The common citizen was worth heeding to some degree, but not worth debating. The intervening institutions of media, bureaucracy, academia gained influence. Groups who still voted unanimously with their church, ethnicity, or union gained ground.
Somewhere in there, people came to believe a popular myth: That it was the vote that was the cause of individual power rather than it's consequence. That you could make a person powerful or important by granting them the franchise.
The US could have built a democratic state out of Afghanistan if it were not for this myth; a republic where male heads of households elected leaders by some bicameral arrangement of region and tribe would have had the legitimacy to hold power.
Instead, America mistakenly believed that our present social order and liberal democracy simply arose from giving people votes. We could wag the dog of equality and liberalism if we educated girls and enfranchised women and paupers.
So, even though the Taliban did not enjoy majority support, they had *some* legitimacy while our puppet Central Asian Starfleet had none - An Afghan could look at them and see that their constituents were "citizens" in the locally-relevant sense.
Consolidation of media, social media, and an increasing portion of the population pursuing formal education funneled communications into a smaller number of channels, making theocracy (power from the control of information) practical once again, at least temporarily.
Finally, while the hoi polloi thought the lesson of Vietnam was 'something something peace and understanding', The lesson our elites drew was that conscript armies are inconvenient; better to have a small number of professional trigger-pullers with a maximum of hardware.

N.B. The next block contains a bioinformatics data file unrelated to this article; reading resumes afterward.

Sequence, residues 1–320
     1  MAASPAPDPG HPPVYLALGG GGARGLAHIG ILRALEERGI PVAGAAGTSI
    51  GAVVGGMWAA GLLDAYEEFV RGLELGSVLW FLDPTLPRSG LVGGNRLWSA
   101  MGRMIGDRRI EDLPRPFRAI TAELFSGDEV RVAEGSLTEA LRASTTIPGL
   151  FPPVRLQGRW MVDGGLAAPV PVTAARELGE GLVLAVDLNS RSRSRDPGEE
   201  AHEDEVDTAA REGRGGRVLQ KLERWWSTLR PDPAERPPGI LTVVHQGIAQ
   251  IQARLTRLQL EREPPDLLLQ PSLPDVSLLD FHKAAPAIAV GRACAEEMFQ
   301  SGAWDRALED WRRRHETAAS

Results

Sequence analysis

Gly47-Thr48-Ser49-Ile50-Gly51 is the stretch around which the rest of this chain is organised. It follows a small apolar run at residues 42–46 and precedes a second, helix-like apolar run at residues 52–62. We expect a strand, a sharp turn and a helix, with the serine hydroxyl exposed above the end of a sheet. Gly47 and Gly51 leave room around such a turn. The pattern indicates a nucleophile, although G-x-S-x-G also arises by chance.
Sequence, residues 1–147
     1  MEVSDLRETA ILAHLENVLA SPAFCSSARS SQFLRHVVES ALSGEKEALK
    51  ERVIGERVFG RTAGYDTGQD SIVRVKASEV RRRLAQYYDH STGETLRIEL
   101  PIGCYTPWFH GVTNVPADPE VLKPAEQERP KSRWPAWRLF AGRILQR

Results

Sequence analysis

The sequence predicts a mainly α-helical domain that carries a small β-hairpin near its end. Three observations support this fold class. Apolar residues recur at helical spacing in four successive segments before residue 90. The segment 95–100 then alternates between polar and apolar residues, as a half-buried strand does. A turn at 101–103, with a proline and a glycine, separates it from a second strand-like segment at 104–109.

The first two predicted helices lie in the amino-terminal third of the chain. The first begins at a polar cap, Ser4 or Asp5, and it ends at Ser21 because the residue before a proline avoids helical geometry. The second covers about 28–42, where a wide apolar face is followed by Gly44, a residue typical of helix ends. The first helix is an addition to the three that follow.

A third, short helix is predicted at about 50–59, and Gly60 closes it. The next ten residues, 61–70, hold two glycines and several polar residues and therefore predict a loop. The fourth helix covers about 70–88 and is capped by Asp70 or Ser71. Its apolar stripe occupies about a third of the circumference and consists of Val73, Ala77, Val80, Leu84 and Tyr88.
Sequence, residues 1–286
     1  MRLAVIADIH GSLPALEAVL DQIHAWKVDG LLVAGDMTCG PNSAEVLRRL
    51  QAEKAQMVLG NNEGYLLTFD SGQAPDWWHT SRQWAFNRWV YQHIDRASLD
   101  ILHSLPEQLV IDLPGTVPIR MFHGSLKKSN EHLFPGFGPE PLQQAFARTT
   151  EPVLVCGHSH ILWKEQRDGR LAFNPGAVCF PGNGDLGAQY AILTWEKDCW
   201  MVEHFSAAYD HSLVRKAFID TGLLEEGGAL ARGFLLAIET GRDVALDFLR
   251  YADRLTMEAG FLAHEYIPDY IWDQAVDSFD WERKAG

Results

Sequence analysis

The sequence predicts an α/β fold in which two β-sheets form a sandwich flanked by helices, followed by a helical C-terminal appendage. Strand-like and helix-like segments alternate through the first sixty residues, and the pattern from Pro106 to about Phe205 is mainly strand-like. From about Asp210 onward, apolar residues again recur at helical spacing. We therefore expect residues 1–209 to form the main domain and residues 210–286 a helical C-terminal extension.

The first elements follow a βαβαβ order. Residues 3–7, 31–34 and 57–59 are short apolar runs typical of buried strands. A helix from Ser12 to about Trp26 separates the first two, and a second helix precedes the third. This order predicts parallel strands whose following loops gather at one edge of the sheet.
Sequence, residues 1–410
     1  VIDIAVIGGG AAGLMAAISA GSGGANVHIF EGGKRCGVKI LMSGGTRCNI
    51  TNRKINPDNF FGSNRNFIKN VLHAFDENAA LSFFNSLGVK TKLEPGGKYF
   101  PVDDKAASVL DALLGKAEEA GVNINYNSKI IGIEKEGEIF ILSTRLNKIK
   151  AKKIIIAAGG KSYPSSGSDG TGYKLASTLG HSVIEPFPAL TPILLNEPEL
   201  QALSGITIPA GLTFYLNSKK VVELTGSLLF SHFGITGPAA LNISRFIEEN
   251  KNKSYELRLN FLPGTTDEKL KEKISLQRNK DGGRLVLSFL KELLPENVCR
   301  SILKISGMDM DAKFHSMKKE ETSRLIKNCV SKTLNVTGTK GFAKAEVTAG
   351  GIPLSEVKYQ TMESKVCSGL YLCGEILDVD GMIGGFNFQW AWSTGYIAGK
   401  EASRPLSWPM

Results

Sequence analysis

The account of American history in which "The Cathedral" held power back to Plymouth Rock is flawed; most of the institutions of which the shadow (true) state is comprised don't go back all that far, or held only minimal power prior to the world wars.
Nonetheless, we do live under a shadow state today, whatever you like to call it. This has nothing to do with any conspiracy though. The electorate is no longer roughly coterminous with the powerful, and so the electorate does not wield the power.
There is much talk about how "our system" has been "corrupted" by lobbyists, corporate power, Washington insiders, etc. This is all bunk.
Our democratic system is not so much corrupt as our electorate is irrelevant.
If Wall Street, the Pentagon, the State Dept, Harvard, and the New York Times hold the real power, then those constituents are going to wield power. Whether that takes the form of bureaucratic rule-making or political donations or rigged elections is of little consequence.
The myth of enfranchisement is basically correct about broad-based democracies being awesome. But they're awesome because if you are a citizen of one, the chances are high that you have some real, personal power (otherwise, it wouldn't really be a democracy).
So, if you want to improve your life, you need to *personally* take control of your means of production, communication, and defense. Stop being an employee, stop begging for rights, stop relying on experts and media, and acquire the means to fight effectively.